You know your bark is set when you can run your finger over the brisket and the bark/rub does not come off. Wrapping your brisket before this is going to result in a mushy, soft bark.
How long should I/can I rest a brisket?
Resting or holding your brisket is essential to letting liquids redistribute in the brisket, and help the brisket become more tender. If you have wrapped the brisket during the cook, we recommend unwrapping the brisket for about 10 minutes to let it vent before wrapping it back up and resting or holding.
The brisket can be held in a Cambro or in a cooler that has been prewarmed. After placing the brisket in the cooler, wrap with towels to help retain more heat. The brisket can be held as long as the temperature of the brisket remains above 140 degrees. As such, we often continue to monitor the temperature of the brisket.
Warm holding a brisket
Recently there has become a technique of holding a brisket in a warm oven at 160-170 degrees for up to 12 hours. At this temperature the meat still continues to cook slowly, and collagen continues to break down. As a result, it helps to tenderize the brisket for cooks that pulled the meat from the smoker before it was tender (e.g. blindly at 203). Other than the potential of softening the bark of the brisket, there is typically little harm in doing this. If you pull your Texas style brisket off the smoker at the appropriate tenderness, this is not typically necessary. We find a 4-8 hour rest/hold to be ideal.
How to slice and serve a Texas Style Smoked Brisket
To slice the Texas Style Smoked Brisket for serving, place the brisket on a large cutting board. Cut the brisket in half to remove most of the flat from the brisket. Be certain you are slicing against the grain.
We find it helpful to check the brisket tenderness at this point. Cut a slice of brisket into about ¼ inch slice. This is roughly the width of a pencil. You want the brisket slice to freely bend over your finger or the knife. This is known as the bend test for a brisket. If it is too stiff, the brisket may not be very tender. If this is the case, you may want to slice the brisket into thinner slices. Alternatively, you can wrap the brisket back up and heat it a little longer or give it a longer "warm hold" at about 160 degrees, until it becomes more tender.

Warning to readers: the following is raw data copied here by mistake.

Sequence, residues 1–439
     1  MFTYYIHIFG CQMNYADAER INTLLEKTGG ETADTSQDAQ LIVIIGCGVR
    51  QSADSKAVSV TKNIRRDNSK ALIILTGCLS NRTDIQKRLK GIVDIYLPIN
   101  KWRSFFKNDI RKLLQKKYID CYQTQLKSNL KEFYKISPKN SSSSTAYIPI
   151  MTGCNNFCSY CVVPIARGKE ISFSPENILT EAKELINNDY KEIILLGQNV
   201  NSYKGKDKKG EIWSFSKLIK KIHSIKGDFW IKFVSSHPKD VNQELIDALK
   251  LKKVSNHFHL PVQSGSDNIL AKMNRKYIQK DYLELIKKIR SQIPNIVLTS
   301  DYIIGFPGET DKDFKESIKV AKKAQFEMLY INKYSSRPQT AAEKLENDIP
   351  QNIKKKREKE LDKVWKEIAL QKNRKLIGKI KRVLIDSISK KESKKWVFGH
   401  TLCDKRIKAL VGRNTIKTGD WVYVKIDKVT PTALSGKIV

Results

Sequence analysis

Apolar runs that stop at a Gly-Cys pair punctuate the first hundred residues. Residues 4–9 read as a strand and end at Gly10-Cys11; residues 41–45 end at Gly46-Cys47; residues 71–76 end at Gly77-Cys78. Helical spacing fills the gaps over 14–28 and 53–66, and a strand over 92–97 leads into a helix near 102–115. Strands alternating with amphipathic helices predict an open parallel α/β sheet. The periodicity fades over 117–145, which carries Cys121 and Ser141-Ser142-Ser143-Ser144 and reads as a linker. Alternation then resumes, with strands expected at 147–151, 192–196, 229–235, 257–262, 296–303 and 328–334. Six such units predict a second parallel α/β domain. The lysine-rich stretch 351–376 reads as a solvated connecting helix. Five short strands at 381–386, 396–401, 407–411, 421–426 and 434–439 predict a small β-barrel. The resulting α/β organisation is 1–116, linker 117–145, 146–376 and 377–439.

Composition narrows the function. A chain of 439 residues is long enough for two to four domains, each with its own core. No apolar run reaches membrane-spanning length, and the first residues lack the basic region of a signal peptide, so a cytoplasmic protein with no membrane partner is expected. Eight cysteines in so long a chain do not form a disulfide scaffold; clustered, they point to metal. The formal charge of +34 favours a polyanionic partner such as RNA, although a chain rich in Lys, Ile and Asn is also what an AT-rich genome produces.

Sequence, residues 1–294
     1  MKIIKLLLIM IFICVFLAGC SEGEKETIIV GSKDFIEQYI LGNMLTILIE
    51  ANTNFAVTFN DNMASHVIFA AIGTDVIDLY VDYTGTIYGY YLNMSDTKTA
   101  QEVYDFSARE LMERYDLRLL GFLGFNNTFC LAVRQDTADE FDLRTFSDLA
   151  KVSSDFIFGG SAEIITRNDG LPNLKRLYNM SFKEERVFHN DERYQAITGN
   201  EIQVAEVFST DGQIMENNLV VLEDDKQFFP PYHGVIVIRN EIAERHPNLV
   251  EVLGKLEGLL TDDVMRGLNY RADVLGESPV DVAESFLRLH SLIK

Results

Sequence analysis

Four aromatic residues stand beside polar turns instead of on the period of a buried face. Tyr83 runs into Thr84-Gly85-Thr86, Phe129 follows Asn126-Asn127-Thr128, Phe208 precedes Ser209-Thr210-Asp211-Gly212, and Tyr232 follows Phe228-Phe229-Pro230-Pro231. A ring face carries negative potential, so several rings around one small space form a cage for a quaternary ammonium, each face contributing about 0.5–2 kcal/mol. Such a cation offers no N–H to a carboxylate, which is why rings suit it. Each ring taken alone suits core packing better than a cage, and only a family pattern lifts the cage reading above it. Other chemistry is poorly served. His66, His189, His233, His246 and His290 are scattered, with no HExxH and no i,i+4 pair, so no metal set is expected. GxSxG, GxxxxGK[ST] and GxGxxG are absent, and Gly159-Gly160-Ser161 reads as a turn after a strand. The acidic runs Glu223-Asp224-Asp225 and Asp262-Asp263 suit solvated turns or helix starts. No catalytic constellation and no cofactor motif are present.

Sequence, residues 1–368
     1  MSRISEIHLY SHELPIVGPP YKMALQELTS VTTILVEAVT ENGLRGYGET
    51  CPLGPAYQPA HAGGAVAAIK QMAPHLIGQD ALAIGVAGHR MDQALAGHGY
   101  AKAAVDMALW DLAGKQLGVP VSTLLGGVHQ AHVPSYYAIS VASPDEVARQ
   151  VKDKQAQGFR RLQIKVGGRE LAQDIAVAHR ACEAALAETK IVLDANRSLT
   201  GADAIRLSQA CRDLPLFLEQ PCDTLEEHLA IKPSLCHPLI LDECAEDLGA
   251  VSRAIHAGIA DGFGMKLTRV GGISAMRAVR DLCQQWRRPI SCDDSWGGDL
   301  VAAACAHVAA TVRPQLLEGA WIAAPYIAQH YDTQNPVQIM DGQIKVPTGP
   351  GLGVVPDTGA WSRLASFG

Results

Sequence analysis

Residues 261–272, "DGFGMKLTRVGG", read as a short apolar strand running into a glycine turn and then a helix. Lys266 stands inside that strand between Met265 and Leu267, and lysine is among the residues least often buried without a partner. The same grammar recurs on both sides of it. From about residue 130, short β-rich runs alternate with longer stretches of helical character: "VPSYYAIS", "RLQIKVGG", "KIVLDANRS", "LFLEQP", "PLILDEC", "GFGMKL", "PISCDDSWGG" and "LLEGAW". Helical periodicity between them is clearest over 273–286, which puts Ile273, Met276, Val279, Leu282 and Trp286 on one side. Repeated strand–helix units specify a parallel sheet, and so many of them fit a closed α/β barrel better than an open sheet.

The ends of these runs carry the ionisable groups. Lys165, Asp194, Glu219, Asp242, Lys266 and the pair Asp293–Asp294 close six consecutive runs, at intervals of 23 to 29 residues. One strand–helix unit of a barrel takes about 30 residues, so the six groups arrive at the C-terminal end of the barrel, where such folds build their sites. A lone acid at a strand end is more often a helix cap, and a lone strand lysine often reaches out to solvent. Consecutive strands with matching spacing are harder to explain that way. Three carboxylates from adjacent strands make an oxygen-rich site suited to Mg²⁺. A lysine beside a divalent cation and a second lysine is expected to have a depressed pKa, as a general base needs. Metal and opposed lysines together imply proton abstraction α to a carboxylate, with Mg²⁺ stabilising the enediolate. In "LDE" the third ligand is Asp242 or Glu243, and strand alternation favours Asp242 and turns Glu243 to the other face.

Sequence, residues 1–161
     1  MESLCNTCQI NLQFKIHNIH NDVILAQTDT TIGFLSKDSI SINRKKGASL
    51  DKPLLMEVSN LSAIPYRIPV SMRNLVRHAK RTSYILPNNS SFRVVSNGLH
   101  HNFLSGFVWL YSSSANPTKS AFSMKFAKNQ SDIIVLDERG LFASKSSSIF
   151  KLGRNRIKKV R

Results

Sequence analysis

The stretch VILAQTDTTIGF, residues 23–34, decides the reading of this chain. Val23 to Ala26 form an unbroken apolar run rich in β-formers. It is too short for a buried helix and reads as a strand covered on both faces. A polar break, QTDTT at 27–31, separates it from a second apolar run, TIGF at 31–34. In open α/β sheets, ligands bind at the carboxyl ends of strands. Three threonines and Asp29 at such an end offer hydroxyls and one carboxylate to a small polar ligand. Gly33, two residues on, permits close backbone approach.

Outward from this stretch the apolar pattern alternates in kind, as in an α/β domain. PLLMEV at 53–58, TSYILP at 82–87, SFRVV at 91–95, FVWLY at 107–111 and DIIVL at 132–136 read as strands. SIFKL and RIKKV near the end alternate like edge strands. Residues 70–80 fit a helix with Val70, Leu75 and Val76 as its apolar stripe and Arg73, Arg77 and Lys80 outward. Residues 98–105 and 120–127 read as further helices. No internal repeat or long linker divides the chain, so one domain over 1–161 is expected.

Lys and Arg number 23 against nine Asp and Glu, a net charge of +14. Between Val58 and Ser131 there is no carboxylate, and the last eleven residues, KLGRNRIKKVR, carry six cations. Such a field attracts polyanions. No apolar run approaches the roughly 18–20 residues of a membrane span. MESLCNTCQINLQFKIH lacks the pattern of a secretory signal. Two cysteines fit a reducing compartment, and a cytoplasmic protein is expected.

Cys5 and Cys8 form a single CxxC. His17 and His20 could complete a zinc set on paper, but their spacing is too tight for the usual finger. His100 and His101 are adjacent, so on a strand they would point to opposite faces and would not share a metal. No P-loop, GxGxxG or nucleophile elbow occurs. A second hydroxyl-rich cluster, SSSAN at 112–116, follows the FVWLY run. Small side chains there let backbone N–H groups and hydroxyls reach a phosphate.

Next, take the slice of the brisket and pull it between your fingers. This is known as the pull test. The brisket slice should pull apart easily without too much resistance. If it is hard to pull, the brisket is likely undercooked. If the brisket falls apart when you pick it up, it is likely a little overcooked. For an overcooked brisket, slice into thicker slices.
If you are happy with the tenderness of your brisket, continue to slice the flat into ¼ slices. In Texas this is the "lean" brisket
Next, rotate the point side of the brisket 90 degrees. If desired, cut off the edge and cube into burnt ends. Continue to cut slices into the width of your thumb. In Texas this is referred to as the "moist" portion of brisket.
Now your Texas Style Smoked Brisket is ready to eat.
What to Serve with Texas Style Smoked Brisket
For more great BBQ recipes, be sure to try some of our favorites here:
- Eastern North Carolina Pulled Pork
- Spatchcock Chicken
- Beef Short Rib Burnt Ends
- Best Alabama White BBQ Sauce
Other frequently asked questions when cooking a brisket
I just opened my brisket, and it smells funny
This is another common concern I see on occasion. You have picked your prefect brisket, perhaps you wet aged it, and now cook day is finally here. Excitement is in the air. You cut open your Cryovac and the excitement dissipates as you are greeted by an off smell. There are several things that can be going on here, and thankfully most of them do not mean that your 16 pound hunk of meat is ruined and you will be going to Famous Dave's for dinner. Typically these smells, especially smells like sulfur or "rotten eggs" are a result of the Cryovac process and off-putting by the meat in the Cryovac.
Once placed in cryovac, the brisket continues to break down in the packaging and those gasses have nowhere to go, so they concentrate in the packaging. It is fine, this break down is what helps to make your meat more tender with wet aging, it does not indicate that the meat has spoiled or gone bad.